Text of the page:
The experience of dining at Edulis is unusual. As soon as you step into the simple Toronto restaurant, Tobey Nemeth is by your side, showing you to your table and offering you a glass of cava. In the kitchen, Michael Caballo is at the ready with a collection of ingredients. The restaurant’s name means “edible” in Latin and refers specifically to the kingly porcini mushroom. What you get here is a tightly run mom-and-pop, the passion of the chefs, a couple off-site as well, almost palpable.
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Since they’re always entertaining when the restaurant is open, Nemeth and Caballo typically opt to dine à deux on their rare evenings off. And although they are both chefs with credentials that include stints with Jamie Kennedy Wine Bar, Michelin-starred Spanish restaurants, an Italian farmhouse, a B.C. hunting lodge and a Panamanian super-yacht, it’s Caballo who cooks at home. “It’s a nice way to slow down a little bit,” he says in his understated way. Nemeth is more emphatic. “It always makes me melt when he cooks for me at home.” At Edulis, she often jumps into the kitchen when Caballo needs her. “We lean on each other,” she says. “Without each other, we would lose our minds.”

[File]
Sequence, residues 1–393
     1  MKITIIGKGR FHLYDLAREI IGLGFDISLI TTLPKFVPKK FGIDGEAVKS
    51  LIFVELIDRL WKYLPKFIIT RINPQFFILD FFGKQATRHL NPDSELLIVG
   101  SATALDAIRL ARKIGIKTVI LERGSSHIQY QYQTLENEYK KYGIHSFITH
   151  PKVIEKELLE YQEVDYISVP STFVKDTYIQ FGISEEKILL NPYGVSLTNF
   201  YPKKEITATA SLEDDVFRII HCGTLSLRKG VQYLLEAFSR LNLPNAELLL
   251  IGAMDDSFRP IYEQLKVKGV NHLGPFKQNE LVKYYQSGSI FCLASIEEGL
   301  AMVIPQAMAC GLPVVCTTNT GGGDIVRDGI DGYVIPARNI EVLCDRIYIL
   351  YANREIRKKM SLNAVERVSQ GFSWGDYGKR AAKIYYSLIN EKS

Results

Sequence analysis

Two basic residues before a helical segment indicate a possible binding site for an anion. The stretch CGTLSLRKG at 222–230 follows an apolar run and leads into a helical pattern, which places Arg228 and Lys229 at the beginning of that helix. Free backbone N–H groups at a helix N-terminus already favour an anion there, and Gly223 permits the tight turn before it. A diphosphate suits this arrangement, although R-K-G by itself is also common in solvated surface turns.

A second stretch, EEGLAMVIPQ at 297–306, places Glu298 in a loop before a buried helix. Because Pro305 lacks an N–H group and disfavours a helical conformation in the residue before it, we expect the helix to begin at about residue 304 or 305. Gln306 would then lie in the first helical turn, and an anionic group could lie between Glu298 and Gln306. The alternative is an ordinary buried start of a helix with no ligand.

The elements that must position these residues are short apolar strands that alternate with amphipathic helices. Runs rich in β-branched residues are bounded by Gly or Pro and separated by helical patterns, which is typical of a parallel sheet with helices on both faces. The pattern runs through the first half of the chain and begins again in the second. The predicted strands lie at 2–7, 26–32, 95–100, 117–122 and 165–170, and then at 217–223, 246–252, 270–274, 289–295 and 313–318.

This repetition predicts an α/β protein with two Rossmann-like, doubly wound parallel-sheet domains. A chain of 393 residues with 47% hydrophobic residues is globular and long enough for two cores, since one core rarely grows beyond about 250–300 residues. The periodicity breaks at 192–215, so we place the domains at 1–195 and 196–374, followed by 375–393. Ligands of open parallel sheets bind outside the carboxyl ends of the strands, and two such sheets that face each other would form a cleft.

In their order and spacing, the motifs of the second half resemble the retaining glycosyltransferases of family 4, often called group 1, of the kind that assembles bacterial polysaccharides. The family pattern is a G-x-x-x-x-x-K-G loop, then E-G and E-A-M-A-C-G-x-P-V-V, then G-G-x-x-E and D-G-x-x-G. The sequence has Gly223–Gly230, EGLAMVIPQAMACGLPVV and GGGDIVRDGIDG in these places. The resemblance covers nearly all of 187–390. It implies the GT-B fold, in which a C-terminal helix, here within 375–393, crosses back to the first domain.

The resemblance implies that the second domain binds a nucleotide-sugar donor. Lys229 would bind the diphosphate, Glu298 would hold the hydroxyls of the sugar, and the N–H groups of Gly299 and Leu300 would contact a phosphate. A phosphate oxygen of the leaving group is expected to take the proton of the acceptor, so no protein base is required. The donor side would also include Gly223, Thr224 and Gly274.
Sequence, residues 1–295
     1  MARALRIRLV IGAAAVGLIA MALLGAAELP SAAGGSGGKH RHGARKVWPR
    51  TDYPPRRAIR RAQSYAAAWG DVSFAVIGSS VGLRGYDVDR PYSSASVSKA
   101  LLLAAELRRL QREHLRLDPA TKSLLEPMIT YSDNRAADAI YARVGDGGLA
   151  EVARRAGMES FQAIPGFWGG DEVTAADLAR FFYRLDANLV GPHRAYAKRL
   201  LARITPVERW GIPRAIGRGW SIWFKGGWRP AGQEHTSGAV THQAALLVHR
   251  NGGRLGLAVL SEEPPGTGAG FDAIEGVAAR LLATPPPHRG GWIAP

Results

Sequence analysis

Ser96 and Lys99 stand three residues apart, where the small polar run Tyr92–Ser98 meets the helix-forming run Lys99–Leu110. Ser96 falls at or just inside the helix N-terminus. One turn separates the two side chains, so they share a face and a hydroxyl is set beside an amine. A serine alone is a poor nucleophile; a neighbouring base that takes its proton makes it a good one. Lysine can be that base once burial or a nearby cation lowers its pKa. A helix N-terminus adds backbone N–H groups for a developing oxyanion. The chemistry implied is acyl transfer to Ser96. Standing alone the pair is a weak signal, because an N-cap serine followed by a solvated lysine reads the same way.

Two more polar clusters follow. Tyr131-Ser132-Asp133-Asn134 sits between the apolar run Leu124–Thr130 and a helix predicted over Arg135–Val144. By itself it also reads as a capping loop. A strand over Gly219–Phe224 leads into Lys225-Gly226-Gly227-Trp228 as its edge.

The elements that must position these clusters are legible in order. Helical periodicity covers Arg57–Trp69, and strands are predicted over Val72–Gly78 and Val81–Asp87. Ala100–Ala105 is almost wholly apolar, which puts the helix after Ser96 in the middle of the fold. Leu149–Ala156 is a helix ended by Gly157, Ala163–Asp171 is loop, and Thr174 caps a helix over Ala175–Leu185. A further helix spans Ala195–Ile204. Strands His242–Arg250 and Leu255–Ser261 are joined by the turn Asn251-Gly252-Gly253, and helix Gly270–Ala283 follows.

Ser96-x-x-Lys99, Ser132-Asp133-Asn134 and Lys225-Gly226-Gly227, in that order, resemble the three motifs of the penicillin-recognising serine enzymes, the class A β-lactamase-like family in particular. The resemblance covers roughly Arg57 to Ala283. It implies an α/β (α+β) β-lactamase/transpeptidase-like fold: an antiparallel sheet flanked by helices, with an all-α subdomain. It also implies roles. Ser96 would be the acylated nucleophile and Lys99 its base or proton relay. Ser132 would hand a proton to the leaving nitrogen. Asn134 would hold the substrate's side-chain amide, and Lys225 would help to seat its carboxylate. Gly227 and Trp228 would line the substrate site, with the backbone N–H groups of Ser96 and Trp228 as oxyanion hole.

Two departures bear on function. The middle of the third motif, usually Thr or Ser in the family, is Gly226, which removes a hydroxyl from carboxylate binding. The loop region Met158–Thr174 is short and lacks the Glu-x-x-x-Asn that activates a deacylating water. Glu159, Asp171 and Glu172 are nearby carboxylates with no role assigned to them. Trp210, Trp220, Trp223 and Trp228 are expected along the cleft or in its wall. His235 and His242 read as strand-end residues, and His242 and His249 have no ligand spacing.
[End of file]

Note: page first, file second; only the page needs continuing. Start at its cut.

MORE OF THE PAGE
In Panama, the pair learned to love tiritas (raw marinated fish strips) with saltines, “an addictive accompaniment,” she says. “We like to sit on our little balcony and wash it down with Champagne.”
1 tbsp aji amarillo paste (available
at South American markets)*
Drizzle Spanish olive oil
such as Arbequina
2 limes, juiced
6 oz albacore tuna loin or
dorado, thinly sliced
Sea salt to taste
15 leaves fresh cilantro
5 leaves fresh mint
¼ red onion, shaved and soaked
in ice water for at least 1 hour
2 tbsp toasted cashews, roughly
Make a dressing by mixing the aji paste, olive oil and lime juice. Adjust spiciness to taste. Lay fish on a flat serving tray. Drizzle with vinaigrette and sprinkle with salt. Let sit 10 minutes.
Tear herbs coarsely into a bowl. Add drained onions, salt to taste and a pinch of sugar. Mix well. Cover fish with herb salad, sprinkle with cashews and serve with saltines.
(If you can’t find aji amarillo paste, use a conservative quantity of Scotch bonnet paste or fresh Scotch bonnet peppers.)